The cunning devil had endeavored here, too. “Almost home” turned into “not home at all” the moment Oswald noticed the absence of his native city gates. The city wall was also missing. There weren’t guards, though it was explainable. What would you guard, without a wall or gates? Was it the Hague? He had been in the Hague thrice, and this small town resembled the beautiful Hague just as Oswald himself resembled Saint Sebastian.
Delft? Unlikely. And there were no more cities in the neighborhood, only villages. While here the houses were made of stone, many of them were two-storied, with steeple roofs, which resembled the hats of greedy leprechauns.
Oswald’s steps were sounding resonantly on the cobble-paved streets, quiet, deserted, and surprisingly clean. Even the snow was neatly swept. One may go further and fare worse, thought the attorney reasonably. I’ll spend the night here, find out the best way to Leiden, and in the morning…
He climbed up the porch of the nearest house and resolutely took the door hammer.

“… There you go with some more fish soup, Heer van der Groot! With nutmeg, with cloves!”
To reject the culinary temptations from Frau van Hemehart’s hands was impossible, even for a fasting monk. Oswald was melting in the hot cloud of hospitality and homely comfort that his hosts had surrounded their guest with from the very first moment.
Clara van Hemehart was a plump, ruddy, chubby, pudgy woman; she wore a home bonnet and a vast dress with ruffles. She bustled about, hurrying to bring the next dish to the table. Her husband, Moritz van Hemehart, the owner of a felting manufactory, was at first mostly silent, tactfully giving the frozen wayfarer the possibility to feed and warm himself. Oswald’s fur coat, boots, and the wide-brimmed hat were already drying near the fireplace (not too close to the fire, so as not to spoil the leather and the fur with excess heat), and Oswald himself was working hard at the table for the sake of his own belly. Hot wine with cinnamon; wheat rolls filled with hard, peppery cheese; a goose-liver pudding, beer soup, and— a miracle, God’s miracle!—the adored bacon, with a crispy crust, roasted on a grill! Indeed, the kind people should be rewarded in Heaven for their hospitality. Some would be afraid to open the door to a foreigner at night. Some would even turn their dogs loose, too!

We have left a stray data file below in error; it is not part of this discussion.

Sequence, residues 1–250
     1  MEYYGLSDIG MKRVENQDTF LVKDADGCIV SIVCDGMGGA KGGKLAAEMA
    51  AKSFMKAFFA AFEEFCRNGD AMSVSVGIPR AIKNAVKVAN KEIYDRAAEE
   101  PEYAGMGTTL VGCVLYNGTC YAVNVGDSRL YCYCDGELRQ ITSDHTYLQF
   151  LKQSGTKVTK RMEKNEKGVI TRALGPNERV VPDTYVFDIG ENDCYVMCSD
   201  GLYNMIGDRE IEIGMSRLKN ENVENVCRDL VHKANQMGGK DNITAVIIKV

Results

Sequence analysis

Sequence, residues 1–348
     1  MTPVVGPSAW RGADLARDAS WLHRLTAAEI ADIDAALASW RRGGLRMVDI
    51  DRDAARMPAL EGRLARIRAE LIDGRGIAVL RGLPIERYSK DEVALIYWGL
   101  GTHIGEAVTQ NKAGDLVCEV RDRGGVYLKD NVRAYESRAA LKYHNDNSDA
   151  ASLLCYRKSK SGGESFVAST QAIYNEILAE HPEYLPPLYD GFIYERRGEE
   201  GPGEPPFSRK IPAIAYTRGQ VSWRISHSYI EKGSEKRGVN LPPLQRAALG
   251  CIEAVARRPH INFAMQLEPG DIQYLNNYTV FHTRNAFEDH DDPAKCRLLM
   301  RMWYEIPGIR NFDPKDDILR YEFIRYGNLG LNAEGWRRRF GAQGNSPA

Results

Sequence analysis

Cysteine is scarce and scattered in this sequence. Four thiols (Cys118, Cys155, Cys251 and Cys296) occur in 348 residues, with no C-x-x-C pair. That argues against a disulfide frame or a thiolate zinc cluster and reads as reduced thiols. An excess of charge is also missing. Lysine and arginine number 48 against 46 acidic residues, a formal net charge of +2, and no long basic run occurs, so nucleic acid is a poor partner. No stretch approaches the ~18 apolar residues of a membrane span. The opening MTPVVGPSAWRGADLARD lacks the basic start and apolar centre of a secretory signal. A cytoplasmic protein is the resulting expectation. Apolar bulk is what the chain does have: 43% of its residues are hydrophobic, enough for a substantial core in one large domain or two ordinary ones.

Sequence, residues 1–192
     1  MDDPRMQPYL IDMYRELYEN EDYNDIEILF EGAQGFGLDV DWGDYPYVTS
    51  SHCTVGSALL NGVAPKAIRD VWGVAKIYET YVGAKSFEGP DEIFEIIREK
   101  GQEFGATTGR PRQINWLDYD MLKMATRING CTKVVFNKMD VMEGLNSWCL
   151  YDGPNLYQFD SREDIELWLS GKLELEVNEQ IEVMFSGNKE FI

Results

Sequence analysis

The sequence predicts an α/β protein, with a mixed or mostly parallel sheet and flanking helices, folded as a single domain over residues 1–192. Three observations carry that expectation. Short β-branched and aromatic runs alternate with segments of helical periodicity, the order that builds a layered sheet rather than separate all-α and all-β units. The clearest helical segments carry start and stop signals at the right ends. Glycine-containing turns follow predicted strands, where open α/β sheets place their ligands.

Oswald expressed the last considerations aloud immediately.
The van Hemehart couple, after looking at each other, listened to his stumbling gratitude in surprise.
“It’s immediately obvious that you are not a local, Heer van der Groot.” Numerous wrinkles on the long, horse-like face of the host formed a gentle, understanding smile.
“Oswald. For you, just Oswald,” the guest hurried to put in.
Meager and straight, like an old tree clinging stubbornly to its life, Moritz van Hemehart leaned against the high back of his armchair. He nodded, sipped from his goblet, and invited the guest to follow his example.
“In our Guldenberg, dearest Oswald, such atrocities are not accepted. To deprive someone of hospitality, to drive some poor fellow away… to send dogs at him! If a man is knocking at the door, it means he needs help. And the duty of every honest Christian is to help his fellow man. Am I right?”
“Of course you are, my good Heer van Hemehart!”
The good-natured owner waved his hand. “Moritz, just Moritz!”
“But, my dear Moritz, people that knock at the door are not always good and pious ones. What if there were a brigand in my place? A robber? A desperate vagabond?”
Only after he had finished his tirade did Oswald understand that the hosts had just told him what town he was in. Guldenberg. It was odd—very odd. The town was situated near Leiden (or else, how would he have wandered to it?), yet he, the attorney of the banker house of Schelfen & Yongey, had never heard of this place!
“Our life is quiet, and we all know each other,” the host answered. “It is not worth trying to steal from us. A bad fellow will find himself in full view in a moment. And as for foreigners… I can’t recall foreign people making mischief in Guldenberg. Clara, maybe you do?”